(7) Sections 106 to 124 find place in Chapter Viii and they pertain to security for keeping the peace and for good behavior. Sections 106 to 110 contemplate different classes of cases. Section 111 provides that in case a Magistrate acting under sections 107, 108, 109 and 110 deems it necessary to require any person to show cause under such section he shall make an order, in writing, setting forth the substance of the information received, the amount of the bond to be executed, the term for which it is to be in force, and the number, character and class of sureties (if any) required. Section 112 provides that if the person in respect of whom an order is made under Section 111 is present in court, it shall be read over to him and the substance thereof explained to him. Section 113 provides that if the person against whom an order is made under section 111 is not present, then Magistrate shall issue summons requiring him to appear and if such person is in custody a warrant directing the officer in whose custody he is to produce him before the court. The next important section with which we are concerned is section 116(1) provides that where an order under section 111 has been read or explained under section 112 or under section 113 to the person concerned the Magistrate shall proceed to inquire into the truth of the information upon which action has been taken and to take such further evidence as may be necessary. Sub-Section (3) of Section 116 provides that if after the commencement and before the completion of the inquiry under Sub-Section (1) the Magistrate considers that immediate measures are necessary for the prevention of a breach of the peace or disturbance of the public transquility or the commission of any offence or for the public safety, he may, for reasons to be recorded in writing, direct the person in respect of whom the order under section 111 has been made to execute a bond, with or without sureties, for keeping the peace or maintaining good behavior until the conclusion of the inquiry, and may detain him in custody until such bond is executed. The rest of the provisions are not relevant for the decision of this case.
(8) The object of section 110 is preventive and not punitive and action under it is not intended as a punishment for past offences. It is aimed at protesting society from dangerous characters against the preparation of crimes by placing them under security. When the order dated 12th July, 1978 was made by the Magistrate, proceedings under section 110(g) were already pending against the petitioner. The petitioner had furnished a personal bond with two sureties undertaking to keep good behavior until the conclusion of the inquiry. Assuming for the sake of argument that the allegations made by the police in the report dated 11th July, 1978 are correct, the Magistrate could have forfeited the earlier bond and proceeded against the petitioner and the sureties. I am of the view that the two proceedings under the same clauses of section 110 cannot proceed against a person at the same time.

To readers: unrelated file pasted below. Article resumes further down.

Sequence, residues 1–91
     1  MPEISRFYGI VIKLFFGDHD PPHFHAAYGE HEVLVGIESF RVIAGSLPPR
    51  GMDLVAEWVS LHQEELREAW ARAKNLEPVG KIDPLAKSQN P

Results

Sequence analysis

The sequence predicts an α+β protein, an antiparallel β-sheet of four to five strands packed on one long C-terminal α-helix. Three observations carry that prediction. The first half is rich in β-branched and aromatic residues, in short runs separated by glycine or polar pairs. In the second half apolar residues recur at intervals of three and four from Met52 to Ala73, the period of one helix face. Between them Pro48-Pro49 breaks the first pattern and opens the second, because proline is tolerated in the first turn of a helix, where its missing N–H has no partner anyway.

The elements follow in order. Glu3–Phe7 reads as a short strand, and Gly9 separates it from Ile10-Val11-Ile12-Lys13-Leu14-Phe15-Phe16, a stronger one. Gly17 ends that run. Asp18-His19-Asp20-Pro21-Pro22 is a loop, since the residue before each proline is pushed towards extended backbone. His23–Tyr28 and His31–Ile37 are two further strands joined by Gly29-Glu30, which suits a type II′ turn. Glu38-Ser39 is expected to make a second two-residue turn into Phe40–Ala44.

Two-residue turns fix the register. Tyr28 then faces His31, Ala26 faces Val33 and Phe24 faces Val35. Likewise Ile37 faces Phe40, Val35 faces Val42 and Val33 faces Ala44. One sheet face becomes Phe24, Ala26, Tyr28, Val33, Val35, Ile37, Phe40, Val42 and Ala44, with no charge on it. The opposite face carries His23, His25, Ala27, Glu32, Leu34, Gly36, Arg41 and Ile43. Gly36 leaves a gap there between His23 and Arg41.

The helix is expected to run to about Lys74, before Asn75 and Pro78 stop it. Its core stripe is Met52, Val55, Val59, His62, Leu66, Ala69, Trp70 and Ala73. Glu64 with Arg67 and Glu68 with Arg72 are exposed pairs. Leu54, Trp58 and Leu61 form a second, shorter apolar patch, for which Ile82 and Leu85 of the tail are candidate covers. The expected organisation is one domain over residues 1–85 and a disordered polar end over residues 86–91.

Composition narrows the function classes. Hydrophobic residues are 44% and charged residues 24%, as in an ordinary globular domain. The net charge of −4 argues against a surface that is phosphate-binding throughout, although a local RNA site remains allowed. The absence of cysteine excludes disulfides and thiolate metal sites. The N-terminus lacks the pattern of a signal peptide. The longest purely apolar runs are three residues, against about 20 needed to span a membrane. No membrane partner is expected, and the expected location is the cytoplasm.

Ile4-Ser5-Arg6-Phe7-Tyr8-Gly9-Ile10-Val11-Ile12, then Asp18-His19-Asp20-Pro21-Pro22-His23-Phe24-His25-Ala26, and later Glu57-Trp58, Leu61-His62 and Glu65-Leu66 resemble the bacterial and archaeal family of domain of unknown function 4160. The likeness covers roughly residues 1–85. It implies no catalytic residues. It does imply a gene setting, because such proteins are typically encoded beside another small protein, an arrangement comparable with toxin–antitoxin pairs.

(9) I find another infirmity in the order of the Magistrate dated 12th July, 1978. The Magistrate passed an order under section 88 read with section 273 Explanationn requiring the petitioner to furnish personal bond in the sum of Rs. 2000.00 with one surety in the like amount undertaking to appear in the court on every date of the hearing and if he did not furnish the bond he was to be detained in judicial custody until the required bond is executed by him. Section 88 is not applicable for the simple reason that the petitioner was not a free person when be was produced before the Magistrate on 12th July, 1978. He was produced in custody. The Supreme Court in Madhu Limaya and another v. Ved Murti and others A.I.R. 1971 SC 2481 held as under :
'WHEREthe person is already under arrest and in custody, his appearance is dependent not on his own volition but on the volition of the person who has his custody. Section 91 is, thereforee, inappropriate in such a case.'
(10) The order is also had for reason that it was made after the order, under section 111 was drawn up. See : Madhu Limaye v. Sub-Divisional Magistrate, Monghyr, : 1971CriLJ1720 .
(11) For the reasons stated I would allow the petition and quash the orders dated 12th July, 1978 and 11th August, 1978. The effect of the order would be that the petitioner has to be released forthwith. The petitioner be informed of the judgment in jail. A copy of the order bs also sent to the court concerned immediately.